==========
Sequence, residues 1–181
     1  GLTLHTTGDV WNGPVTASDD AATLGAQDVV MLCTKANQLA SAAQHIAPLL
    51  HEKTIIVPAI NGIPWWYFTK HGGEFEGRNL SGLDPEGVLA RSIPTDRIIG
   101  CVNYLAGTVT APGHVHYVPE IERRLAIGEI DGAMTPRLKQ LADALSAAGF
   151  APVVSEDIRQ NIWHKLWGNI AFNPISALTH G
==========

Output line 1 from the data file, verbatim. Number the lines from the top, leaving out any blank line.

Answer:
Sequence, residues 1–181